Plausible deniability and deliberate ambiguity are well-honed tools in the political toolbox. The trouble is that the German language, and German ears, are used to more clause-sub-clause tangos than the average English speaker can handle. That means options for deliberate ambiguity risk being lost in translation.

Combine that with the short attention span of the modern media – and Twitter’s character limit – and you have a problem.

For instance, many reports left out the second half of her call for Europe to take its fate in its own hands “… naturally in friendship with the United States of America and Great Britain.” She also tacked on Russia and others, too, but by that stage, who was listening?

Merkel German – on display in speeches and interviews – is a major contribution to her longevity in politics. It is the linguistic equivalent of a rubber room: durable, safe, impossible to escape or describe. Some language experts here have denounced the chancellor for demolishing the German language and rebuilding it into something that sounds like German but isn’t.

A journalist at DIE ZEIT weekly who once undertook to read all of Merkel’s Bundestag speeches wrote that “after three speeches you crave Japanese horseradish by the teaspoon just to fight the growing mental paralysis.”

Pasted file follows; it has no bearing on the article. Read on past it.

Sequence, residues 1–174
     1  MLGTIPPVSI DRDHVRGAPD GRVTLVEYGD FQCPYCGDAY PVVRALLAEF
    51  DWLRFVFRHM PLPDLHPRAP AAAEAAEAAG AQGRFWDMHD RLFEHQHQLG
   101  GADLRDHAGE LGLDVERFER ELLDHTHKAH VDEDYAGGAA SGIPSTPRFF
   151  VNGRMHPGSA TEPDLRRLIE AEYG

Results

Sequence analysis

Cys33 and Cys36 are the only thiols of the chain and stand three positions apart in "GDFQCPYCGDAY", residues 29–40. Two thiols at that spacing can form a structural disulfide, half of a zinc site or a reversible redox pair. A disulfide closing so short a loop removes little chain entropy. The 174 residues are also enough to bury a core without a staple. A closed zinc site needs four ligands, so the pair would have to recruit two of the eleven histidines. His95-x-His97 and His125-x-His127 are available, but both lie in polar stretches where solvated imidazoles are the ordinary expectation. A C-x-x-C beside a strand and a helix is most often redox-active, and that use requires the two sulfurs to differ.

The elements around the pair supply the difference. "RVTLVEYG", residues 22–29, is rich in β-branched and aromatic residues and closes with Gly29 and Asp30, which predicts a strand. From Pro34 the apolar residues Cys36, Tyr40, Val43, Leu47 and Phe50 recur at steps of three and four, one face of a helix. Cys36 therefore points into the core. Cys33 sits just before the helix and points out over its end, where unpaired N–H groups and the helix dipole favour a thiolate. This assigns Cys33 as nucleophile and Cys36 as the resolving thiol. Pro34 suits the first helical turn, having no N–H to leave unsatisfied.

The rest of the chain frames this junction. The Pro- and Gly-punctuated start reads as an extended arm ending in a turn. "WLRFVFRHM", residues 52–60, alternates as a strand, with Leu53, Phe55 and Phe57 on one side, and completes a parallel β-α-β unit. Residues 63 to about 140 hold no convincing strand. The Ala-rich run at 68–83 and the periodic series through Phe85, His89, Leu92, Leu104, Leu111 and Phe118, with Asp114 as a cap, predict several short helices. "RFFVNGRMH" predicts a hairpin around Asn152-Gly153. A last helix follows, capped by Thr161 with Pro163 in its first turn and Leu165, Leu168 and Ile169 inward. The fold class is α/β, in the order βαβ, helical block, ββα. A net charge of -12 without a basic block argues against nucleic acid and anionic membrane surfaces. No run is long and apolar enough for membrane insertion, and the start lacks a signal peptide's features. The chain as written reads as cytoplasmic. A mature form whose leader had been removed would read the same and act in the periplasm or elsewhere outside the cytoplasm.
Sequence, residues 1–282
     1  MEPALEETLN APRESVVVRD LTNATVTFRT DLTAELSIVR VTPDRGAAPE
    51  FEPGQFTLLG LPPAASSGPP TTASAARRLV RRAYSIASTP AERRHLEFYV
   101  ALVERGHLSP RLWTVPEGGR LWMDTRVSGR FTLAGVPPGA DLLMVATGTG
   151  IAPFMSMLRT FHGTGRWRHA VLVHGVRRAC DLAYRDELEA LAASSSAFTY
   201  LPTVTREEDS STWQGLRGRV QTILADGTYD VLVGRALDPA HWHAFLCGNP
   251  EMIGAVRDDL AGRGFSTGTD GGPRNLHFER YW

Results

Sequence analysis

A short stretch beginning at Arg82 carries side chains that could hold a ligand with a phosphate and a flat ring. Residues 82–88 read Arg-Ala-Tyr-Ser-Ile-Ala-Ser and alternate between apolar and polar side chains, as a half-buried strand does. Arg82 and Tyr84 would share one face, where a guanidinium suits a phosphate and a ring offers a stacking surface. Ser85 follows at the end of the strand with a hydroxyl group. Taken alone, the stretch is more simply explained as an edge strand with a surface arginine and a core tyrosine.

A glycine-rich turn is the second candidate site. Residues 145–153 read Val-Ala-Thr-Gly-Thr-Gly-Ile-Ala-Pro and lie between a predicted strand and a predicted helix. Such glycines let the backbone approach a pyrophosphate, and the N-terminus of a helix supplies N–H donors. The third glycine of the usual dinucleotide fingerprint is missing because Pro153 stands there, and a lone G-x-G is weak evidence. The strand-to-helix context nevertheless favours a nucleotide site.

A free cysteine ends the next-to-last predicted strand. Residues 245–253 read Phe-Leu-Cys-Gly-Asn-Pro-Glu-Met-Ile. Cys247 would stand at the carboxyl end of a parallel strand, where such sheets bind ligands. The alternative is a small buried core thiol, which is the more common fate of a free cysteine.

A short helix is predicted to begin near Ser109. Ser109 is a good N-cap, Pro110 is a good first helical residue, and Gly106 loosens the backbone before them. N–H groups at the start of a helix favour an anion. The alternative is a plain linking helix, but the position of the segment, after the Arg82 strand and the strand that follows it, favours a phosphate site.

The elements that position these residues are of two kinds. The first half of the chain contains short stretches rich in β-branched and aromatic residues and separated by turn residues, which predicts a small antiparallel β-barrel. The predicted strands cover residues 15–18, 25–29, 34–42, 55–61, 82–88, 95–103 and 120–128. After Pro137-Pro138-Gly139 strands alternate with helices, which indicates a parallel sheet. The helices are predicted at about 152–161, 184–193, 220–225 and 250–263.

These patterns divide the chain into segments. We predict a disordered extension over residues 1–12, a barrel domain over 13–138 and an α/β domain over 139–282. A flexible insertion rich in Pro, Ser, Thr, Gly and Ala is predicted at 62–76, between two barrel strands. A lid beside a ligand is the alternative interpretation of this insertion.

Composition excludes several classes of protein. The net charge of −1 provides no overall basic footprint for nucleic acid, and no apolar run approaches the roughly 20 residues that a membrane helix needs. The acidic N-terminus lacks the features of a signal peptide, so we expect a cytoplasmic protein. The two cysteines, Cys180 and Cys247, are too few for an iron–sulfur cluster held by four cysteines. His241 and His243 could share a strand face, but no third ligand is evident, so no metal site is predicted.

Rhetorical Emergency Exits

Merkel is an expert at not painting herself into a corner. Even sentences that sound concrete, such as in Munich, always contain rhetorical emergency exits.

In translating Merkel, usually with gritted teeth, I always try to respect that and stay as close as I can to what she said. But the direct translation often exposes her contradictions even more and requires a little polish to make her comprehensible. Deciding how much polish is a subjective business.

Her outspoken predecessor, Gerhard Schröder, rarely needed rhetorical polish in translation. I can still remember his 2003 plea for his grumbling Social Democratic Party to back his controversial economic and social reforms: “Either we reform or we will be reformed by unchecked market forces.”

A year earlier, he staged a spectacular electoral comeback by warning US President George W. Bush that Germany would not engage in war games. He added, in my translation: “Under my leadership, (Germany) is not available for military misadventures”. He didn’t say misadventures in German, he said “Abenteuer” – adventures – but even so, the context was clear.

Things are less clear with Merkel. By avoiding the memorable and the concrete, she leaves herself wriggle room for the future but hands power over her message to others in the present.

These are often journalists in a rush, or working for a media outlet that – unlike my own – would never print Merkel, sub-clauses and all. They strip Merkel down to the bare bones and, in this version of reality, have her performing a foreign policy shift in a Munich beer tent.

No one is suggesting the German leader needs to sink to Trump’s “very bad” level, what European Commission president Jean-Claude Juncker dubbed “banal English.” But Munich is a reminder that, with the world listening, clear words from Merkel matter more than ever.